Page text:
A root beer float is a beverage made with root beer and scoops of vanilla ice cream. The carbonation in the root beer causes the ice cream to foam up, creating a frothy, refreshing drink. As one might imagine, there are numerous variations on the root beer float featuring an assortment of sodas and ice cream flavors, and this beverage along with its relatives is a standard feature at ice cream shops, especially during the summer months.
Credit for the invention of the root beer float is difficult to determine. Most food historians agree that the soda drink was developed either by Robert Green or Fred Sanders. The drink was almost certainly invented in the United States, and since most records of it date back no further than the late 1800s, it is safe to assume that the drink was developed around this time. Whoever invented the soda must be pleased, as it became a runaway success, especially among youthful Americans.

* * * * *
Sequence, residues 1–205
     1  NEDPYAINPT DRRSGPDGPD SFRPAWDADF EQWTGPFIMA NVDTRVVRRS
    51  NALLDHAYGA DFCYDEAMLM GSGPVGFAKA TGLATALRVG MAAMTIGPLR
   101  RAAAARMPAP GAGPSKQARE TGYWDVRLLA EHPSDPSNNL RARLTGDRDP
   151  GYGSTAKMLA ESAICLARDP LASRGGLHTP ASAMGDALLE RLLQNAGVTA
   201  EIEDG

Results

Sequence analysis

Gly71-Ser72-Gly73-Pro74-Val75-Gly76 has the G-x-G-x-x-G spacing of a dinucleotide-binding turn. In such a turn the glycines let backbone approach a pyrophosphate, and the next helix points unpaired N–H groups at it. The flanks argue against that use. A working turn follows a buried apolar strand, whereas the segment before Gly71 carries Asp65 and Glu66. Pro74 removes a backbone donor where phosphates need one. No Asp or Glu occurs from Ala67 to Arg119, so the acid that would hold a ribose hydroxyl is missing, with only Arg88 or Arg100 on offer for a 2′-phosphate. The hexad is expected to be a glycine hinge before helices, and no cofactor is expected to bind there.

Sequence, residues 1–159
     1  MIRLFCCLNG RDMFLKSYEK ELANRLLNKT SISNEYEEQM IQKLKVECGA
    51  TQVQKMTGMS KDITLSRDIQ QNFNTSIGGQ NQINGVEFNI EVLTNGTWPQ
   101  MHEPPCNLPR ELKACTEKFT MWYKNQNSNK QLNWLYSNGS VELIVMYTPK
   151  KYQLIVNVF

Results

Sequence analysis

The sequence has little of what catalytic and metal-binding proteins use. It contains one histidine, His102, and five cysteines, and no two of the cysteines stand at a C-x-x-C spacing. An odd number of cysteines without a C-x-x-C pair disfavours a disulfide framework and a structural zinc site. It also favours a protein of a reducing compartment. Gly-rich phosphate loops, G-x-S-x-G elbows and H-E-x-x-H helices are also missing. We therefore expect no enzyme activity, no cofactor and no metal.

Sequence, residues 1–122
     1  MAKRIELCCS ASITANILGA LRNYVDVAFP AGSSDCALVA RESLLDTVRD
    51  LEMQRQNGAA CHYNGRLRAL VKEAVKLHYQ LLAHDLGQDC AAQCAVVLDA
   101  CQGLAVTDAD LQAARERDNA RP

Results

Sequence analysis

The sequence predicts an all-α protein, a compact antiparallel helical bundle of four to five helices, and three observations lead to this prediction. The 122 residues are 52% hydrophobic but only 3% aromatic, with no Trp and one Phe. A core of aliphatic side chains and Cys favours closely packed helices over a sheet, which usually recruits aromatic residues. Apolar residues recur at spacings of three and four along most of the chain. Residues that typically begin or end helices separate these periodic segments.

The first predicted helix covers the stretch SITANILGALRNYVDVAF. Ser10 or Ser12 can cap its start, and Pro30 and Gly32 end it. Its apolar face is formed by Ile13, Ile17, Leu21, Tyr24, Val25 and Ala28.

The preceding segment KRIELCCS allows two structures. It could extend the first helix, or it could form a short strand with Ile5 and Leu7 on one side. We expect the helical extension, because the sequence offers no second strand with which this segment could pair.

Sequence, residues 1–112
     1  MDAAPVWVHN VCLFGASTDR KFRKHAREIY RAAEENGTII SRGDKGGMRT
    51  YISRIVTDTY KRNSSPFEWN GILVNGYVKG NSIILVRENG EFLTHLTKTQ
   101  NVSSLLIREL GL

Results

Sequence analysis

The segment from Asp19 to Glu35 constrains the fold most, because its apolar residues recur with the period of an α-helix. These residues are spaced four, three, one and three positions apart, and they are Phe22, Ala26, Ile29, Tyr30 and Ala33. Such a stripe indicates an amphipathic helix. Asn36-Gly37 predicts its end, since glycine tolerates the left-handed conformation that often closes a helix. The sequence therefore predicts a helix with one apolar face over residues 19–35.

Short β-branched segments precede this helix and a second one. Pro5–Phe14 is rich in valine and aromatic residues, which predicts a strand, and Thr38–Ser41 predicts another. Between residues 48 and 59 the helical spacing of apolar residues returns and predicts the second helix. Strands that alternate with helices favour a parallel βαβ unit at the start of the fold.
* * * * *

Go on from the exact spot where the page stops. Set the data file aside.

In addition to being made with root beer, a soda float can be made with ginger ale, in which case it is sometimes called a Boston Cooler, or with cherry, orange, or vanilla sodas, among many others. Other ice cream flavors may be featured as well. The root beer float can also be topped with whipped cream, for people who are feeling particularly decadent, and it is typically served in a tall chilled glass with a spoon for manipulating the ice cream and a straw for drinking the soda.
It is very easy to make a root beer float at home. Start by pouring a moderate amount of root beer or your soda of choice into a tall glass; you may find that it helps to tilt the glass and the bottle of soda together so that the soda flows down the side of the glass as you pour it in, causing less foam. Then add several small scoops of vanilla ice cream, and pour soda over the top. Many people like to serve a root beer float with the remains of the bottle of soda so that consumers can top it off as needed.
The distinctive creamy, tangy flavor of the root beer float has spawned a number of desserts which integrate the taste, though rarely duplicate the texture. It is possible to find root beer float flavored ice cream, cheesecakes, and hard candies, and you can also make these desserts at home with the assistance of root beer extract and high quality vanilla.